Now here is the big thing. None of this loop hole stuff applies to comcast philly anymore at all, no matter what, and comcast is not at all hiding behind any loop hole anymore, by their own doing, and that isn't even up for debate, even though some of you guys seem to think that's what they are doing. Here is why. They agreed to make all their channels, including philly rsn available to all providers including dbs as part of their agreement in buying NBC. An article to read.http://www.dailyfina...n-its-backyard/
One last point - your definition of 'economic harm' isn't the same as what the FCC's is. The FCC considers loss of customers due to lack of having the channels 'economic harm'. Verizon made that very argument with RSNs. Studies that they did indicated that the DBS penetration rate in the Philly market was 40% below the average for a market this size. 40%. They found similar numbers in other markets, like San Diego. The common factor in all those markets? The lack of access by DirecTV and Dish to the RSNs for the market.
You better believe it's causing DirecTV economic harm. The definition you're using is the same one that CV used in trying to stop Verizon from having MSG. It was utterly rejected by the FCC and later by the second circuit court.
Yeah, again, they can't use that argument to force comcast to agree to a certain price for carriage of the channel. That was about not even being offered the channel. Again different things.
The only real recourse Directv has is to file a complaint with the fcc that they are not negotiating in good faith. And I'd love to see them prove that, but I just don't think that's going to happen. I can easily see comcast saying they will only negotiate carrige for that channel bundled with other nbc owned channels, and other stipulations, including fees based on the fact the channel would be national on Directv, its digital rights etc, and that's something that the FCC has yet to stop, no matter how much most people would love to see that. Why do you think the fcc keeps responding to all the complaints people file about how they don't get involved in pricing disputes? Because that's whats going on here now. Obviously that's not the way its always been, but it is today, and that's why I doubt we will see the channel. The only real chance IMHO to see it picked up sooner rather than latter is if Directv can negotiate a great bundled deal for all NBC/Comcast owned stations that it wants, and none of the ones it doesn't want. CSN Philly is now in the exact same situation as CSN NW. Pricing purgatory. So when does all the contracts that DirecTV has with Comcast/NBC other channels come up for renewal? That's the date I'd look at as the first chance to see the channel on Directv.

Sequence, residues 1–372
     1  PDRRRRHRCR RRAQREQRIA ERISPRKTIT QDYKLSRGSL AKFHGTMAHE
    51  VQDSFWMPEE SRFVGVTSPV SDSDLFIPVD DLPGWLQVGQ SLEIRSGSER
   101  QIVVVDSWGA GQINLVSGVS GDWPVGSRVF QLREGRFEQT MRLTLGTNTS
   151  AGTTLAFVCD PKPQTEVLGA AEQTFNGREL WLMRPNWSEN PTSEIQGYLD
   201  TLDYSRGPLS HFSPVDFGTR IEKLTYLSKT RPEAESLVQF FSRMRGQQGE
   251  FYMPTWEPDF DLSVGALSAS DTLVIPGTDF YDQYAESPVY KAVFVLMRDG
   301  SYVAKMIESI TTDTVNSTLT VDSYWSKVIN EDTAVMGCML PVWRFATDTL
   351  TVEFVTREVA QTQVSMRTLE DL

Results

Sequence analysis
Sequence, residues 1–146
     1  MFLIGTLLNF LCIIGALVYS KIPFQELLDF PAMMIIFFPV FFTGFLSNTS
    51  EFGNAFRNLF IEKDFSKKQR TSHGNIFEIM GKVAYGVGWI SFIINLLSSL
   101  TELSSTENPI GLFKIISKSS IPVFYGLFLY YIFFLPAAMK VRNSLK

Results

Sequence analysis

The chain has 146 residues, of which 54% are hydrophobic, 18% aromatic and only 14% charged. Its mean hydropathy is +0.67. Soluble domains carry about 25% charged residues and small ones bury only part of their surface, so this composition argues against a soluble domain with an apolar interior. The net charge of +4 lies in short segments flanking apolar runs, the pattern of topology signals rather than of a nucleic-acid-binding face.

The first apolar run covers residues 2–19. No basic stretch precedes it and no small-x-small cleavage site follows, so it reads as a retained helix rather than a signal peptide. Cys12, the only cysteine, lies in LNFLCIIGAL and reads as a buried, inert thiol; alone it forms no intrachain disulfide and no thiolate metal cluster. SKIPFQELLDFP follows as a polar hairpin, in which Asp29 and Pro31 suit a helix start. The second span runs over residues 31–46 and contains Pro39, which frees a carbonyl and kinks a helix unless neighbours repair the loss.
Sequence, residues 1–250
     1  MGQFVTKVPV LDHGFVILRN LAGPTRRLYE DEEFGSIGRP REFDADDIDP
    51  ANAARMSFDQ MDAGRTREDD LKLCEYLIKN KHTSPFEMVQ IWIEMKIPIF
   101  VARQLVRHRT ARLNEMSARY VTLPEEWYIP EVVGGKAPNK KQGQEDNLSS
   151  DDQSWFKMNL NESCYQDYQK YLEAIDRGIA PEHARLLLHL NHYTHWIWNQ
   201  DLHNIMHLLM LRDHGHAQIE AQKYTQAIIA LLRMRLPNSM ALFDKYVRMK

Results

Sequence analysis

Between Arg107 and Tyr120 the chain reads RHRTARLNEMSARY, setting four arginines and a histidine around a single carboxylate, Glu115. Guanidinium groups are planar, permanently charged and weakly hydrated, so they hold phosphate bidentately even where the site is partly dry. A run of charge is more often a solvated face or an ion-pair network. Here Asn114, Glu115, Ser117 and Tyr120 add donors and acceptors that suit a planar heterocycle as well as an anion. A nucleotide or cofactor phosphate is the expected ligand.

Oh, and Directv would never want the FCC to decide a price for a channel either... No provider would. They just want the FCC to do a few things to make it easier for them to negotiate from a position of more power. Like not let companies ONLY negotiate for bundled channels. Of course, bundles sometimes gets them better pricing, so its a double edged sward.